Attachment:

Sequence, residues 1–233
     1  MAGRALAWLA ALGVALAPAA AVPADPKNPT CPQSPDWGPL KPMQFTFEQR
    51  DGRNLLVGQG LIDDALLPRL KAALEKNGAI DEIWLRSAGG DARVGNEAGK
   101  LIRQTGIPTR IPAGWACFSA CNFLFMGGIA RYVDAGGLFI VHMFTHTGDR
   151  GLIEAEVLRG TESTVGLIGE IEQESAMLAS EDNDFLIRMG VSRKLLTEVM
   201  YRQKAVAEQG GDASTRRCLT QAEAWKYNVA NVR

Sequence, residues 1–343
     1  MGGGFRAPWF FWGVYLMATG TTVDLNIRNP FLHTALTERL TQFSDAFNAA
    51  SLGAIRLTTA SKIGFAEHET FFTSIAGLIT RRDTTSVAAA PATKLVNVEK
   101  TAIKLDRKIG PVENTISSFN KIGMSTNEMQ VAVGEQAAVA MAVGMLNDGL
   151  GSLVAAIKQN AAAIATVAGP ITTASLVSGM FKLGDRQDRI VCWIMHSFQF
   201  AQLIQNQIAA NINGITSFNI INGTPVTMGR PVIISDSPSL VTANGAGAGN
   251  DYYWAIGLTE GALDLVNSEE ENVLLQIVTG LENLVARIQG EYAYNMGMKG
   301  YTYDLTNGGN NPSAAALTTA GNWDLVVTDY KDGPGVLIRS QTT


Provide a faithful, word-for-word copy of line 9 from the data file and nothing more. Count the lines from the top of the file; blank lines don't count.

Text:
    51  SLGAIRLTTA SKIGFAEHET FFTSIAGLIT RRDTTSVAAA PATKLVNVEK